Captain Monty Mendenhall
MBAssociates partners Robert Mainhardt and Arthur Biehl overcame many problems of small arms rocket technology while developing the Gyrojet. At no time though, did they claim to have been the first to invent small arms rockets. Neither, however, did Mainhardt or Biehl credit earlier inventors or inventions as their inspiration. Left unstated by MBA is the fact that small arms rocket technology is over 165 years old.
The first known example of a small arms rocket was developed in Denmark by the superintendent of the Royal Danish Army Arsenal. Patented in 1834, it was named after its inventor, the Voss Musket Rocket.
The Voss Musket Rocket was a low-tech small arms rocket. It was launched from a standard military musket. Externally the Voss musket rocket looks very similar to Mainhardt and Biehls Gyrojet rocket. Internally though, the Voss Musket Rocket lacks the MBA Gyrojet’s sophisticated engineering.
The earliest Voss rockets were loaded into muskets on top of a normal charge of black powder. When the flintlock musket was fired, the black powder both launched the rocket and ignited its own internal charge of propellant.
Though there is no data to support this claim, the author feels that it is likely that the original blackpowder launched Voss Musket Rockets achieved the highest velocity of any small arms projectile up to that date. The Voss Musket Rocket was launched at a normal musket’s velocity by the blackpowder charge. Then, after exiting the musket barrel, the Voss Musket Rocket continued to accelerate burning its own internal propellant.
Walter Hunt and his ‘Rocket Ball
Many US firearms enthusiasts have heard of
the ‘Rocket Ball’ that was patented by Walter
Hunt in 1848. The ‘Rocket
Ball’ was a hollow bullet that was filled with propellant.
In the center of the’ Rocket Ball’s’ base was a vent hole that
allowed the propellant to be ignited by an external primer.
Hunt also invented, and patented in August of 1849, a tubular magazine
lever action rifle that used his ‘Rocket Ball’ ammunition.
Hunt was an inventor, not a manufacturer.
He formed a partnership with George Arrowsmith to manufacture his
invention. It soon became
apparent that although it was very it innovative, Walter Hunt’s lever action
rifle design was not perfected.
of Arrowsmith’s employees was a skilled gunsmith named Lewis Jennings.
Jennings made several simplifications and improvements to Hunt’s
lever rifle design. He patented them on Christmas Day of 1849.
In a move that produced a quick profit for the Hunt, Arrowsmith and
Jennings team, the patents for the Hunt Rocket Ball, the original lever rifle
and Jenning’s improvements to it, were sold to Courtland Palmer for
$100,000. That was a tremendous
sum in the dollars of 1849.
Palmer was a profit motivated investor, not a
manufacturer. He contracted with
the firm of Robbins & Lawrence to produce five thousand lever action
repeating rifles of .54 caliber. The
contract was fulfilled in 1851, but sales were slow.
The Hunt ‘Rocket Ball’ was underpowered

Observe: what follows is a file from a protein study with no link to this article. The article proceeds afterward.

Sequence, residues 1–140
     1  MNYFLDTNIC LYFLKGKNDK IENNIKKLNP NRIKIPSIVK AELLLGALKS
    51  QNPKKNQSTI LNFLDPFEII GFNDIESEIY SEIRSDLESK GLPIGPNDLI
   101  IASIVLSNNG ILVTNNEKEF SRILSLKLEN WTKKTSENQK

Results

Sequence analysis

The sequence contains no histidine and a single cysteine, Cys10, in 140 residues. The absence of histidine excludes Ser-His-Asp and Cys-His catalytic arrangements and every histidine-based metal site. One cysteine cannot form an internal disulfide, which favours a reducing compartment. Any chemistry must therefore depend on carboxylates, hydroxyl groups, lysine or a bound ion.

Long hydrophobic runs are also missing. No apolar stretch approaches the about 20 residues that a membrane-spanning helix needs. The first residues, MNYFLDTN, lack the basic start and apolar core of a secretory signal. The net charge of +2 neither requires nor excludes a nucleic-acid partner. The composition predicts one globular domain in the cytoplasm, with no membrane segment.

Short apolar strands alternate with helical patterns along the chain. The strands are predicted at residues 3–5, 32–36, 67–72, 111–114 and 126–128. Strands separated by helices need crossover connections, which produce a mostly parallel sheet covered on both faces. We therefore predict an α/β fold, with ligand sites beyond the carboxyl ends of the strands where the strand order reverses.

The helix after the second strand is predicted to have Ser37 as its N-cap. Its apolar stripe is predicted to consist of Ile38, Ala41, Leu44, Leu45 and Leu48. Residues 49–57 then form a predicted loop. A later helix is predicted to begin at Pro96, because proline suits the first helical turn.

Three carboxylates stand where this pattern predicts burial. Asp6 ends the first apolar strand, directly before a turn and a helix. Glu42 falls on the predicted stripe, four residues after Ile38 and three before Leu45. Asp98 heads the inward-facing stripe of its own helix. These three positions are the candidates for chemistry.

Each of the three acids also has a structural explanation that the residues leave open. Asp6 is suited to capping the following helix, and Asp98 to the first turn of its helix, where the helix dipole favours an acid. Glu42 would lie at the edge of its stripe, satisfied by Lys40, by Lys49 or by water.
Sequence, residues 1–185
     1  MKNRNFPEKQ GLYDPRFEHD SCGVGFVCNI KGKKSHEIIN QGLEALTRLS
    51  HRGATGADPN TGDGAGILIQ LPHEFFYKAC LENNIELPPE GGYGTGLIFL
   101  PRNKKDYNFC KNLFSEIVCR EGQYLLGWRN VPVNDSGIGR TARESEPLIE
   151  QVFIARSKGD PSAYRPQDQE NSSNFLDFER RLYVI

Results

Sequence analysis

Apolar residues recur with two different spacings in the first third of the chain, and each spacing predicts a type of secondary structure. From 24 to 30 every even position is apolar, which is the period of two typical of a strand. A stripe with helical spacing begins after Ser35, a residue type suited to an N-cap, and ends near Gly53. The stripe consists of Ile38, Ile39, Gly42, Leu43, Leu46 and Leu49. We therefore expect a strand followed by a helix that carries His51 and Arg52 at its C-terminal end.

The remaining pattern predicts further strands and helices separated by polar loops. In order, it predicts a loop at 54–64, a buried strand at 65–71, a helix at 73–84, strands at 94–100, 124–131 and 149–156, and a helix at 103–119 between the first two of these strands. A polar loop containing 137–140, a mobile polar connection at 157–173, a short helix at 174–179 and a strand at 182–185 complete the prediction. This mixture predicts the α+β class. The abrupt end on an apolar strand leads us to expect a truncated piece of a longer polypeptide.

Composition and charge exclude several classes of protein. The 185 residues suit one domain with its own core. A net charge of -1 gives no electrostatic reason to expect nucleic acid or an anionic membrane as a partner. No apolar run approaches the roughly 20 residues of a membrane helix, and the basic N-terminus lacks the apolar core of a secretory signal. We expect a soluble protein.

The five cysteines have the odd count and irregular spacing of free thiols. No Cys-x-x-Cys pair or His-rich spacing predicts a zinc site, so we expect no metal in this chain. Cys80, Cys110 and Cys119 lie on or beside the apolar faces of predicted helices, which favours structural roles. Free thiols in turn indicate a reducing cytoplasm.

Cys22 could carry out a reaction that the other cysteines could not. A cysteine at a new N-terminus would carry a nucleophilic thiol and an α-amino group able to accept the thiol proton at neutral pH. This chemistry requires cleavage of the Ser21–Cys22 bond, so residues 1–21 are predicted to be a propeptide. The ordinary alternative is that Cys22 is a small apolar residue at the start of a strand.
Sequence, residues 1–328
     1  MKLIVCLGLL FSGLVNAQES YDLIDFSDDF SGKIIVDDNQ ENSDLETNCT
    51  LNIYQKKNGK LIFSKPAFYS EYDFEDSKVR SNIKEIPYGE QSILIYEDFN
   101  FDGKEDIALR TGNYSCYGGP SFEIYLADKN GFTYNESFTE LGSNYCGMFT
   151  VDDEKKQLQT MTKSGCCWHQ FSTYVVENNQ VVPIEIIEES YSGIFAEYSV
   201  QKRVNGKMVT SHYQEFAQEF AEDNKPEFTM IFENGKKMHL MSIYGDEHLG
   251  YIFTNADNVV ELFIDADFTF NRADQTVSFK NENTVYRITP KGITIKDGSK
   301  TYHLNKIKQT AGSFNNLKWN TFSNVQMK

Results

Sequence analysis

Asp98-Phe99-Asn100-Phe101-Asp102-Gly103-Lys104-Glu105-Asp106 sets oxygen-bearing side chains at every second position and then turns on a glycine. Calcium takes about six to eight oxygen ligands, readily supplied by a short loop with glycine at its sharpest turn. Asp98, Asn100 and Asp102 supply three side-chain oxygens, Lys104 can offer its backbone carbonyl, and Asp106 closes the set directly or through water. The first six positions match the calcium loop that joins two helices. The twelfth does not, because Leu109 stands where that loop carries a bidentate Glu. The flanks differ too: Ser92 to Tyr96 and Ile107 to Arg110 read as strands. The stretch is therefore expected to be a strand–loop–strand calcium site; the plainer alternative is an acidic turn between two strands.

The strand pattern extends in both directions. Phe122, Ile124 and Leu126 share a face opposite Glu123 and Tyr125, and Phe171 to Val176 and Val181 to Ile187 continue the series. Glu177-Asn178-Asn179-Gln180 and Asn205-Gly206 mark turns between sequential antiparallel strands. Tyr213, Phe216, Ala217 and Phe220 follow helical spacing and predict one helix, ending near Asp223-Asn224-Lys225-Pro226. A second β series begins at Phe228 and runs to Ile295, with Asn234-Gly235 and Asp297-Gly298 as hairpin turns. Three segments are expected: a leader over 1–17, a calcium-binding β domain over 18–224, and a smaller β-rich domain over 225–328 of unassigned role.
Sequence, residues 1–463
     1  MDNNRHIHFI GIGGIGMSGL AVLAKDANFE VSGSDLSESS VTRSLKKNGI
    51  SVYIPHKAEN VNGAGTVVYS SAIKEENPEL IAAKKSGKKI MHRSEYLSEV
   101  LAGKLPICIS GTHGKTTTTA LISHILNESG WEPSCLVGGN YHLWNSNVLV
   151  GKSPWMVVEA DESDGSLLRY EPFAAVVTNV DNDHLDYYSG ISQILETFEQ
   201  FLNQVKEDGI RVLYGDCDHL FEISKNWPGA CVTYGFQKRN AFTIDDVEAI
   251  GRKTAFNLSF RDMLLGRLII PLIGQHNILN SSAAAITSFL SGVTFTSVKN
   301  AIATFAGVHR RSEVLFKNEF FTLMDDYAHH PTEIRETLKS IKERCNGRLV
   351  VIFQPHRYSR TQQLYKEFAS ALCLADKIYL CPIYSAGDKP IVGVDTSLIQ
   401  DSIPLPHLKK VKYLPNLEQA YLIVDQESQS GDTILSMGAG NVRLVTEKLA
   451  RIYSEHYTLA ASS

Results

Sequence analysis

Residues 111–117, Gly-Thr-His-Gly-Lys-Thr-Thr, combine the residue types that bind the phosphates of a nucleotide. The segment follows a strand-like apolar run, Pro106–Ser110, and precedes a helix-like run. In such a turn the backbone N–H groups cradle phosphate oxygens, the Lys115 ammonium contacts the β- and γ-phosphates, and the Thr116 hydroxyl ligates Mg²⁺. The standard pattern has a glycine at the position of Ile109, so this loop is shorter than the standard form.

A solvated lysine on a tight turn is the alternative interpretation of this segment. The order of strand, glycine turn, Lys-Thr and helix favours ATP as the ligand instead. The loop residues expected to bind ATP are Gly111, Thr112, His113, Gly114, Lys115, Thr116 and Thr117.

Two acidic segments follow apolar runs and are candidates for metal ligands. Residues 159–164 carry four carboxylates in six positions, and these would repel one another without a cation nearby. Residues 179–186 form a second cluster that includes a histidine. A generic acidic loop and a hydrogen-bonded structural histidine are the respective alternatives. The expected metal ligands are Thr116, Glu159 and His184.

and the patented lever action rifle was very sensitive to imperfections in the
individual rounds of ‘Rocket Ball’ ammo.
If the ‘Rocket Ball’ was slightly undersized, it would fall so
deeply into the chamber that it would not ignite.
When this occurred, the unfired round was difficult to remove.
Daniel Smith and Horace Wesson (yes, that
Smith & Wesson) became partners with Palmer in 1854.
Oliver Winchester (yes, that Winchester) soon became an investor too.
They called their partnership, The Volcanic Arms Company.
Horace Smith became disenchanted and departed Volcanic Arms in 1855.
Due primarily to problems with the ‘Rocket Ball’ ammo, Volcanic
Arms failed. Horace Smith and
Daniel Wesson soon reunited and began manufacturing revolvers.
Oliver Winchester abandoned the ‘Rocket Ball’ concept but continued
to develop the Volcanic lever rifle using a more practical .44 caliber rim
German Small Arms Rockets
Cartridge ammunition proved to be very practical. Small arms rocket ammunition was forgotten for many years. During World War Two though, while Werner von Braun was experimenting with large NAZI V2 rockets, other German Wehrmacht arms researchers designed a self contained 9mm small arms rocket round. It was similar in many aspects to the later produced MBAssociates Gyrojet. The German 9mm small arms rocket, like the Gyrojet, which followed it twenty years later, had a machined steel casing that was filled with a hollow cored propellant. In the center of the German 9mm rocket’s extended base was a primer. Concentrically surrounding the primer, were six symmetrical rocket nozzles.
Navy 9mm Rocket and 13mm MBA Gyrojet
US Navy Small Rockets
Little is known about the performance of the German 9mm rocket ammo. It must have intrigued the US Navy however. After World War two ended, the US Navy continued experiments with the German 9mm rocket ammo. Again, little is known about the US Navy’s experimental .354 inch diameter small arms rocket round.
Mainhardt & Biehl
The author does not intend to belittle the many achievements of Mainhardt and Biehl. Though the Gyrojet was not a totally original concept, these two determined, hard working researchers actually brought their small arms rocket and its launcher to the marketplace. While doing this, they overcame many obstacles that would have stopped many less determined and less innovative inventors.
Though the Gyrojet small arms rocket was not a resounding financial success for them, without government assistance, Mainhardt and Biehl succeeded where many others have failed. Their achievements represent the true spirit of American individualism, innovation and perseverance.
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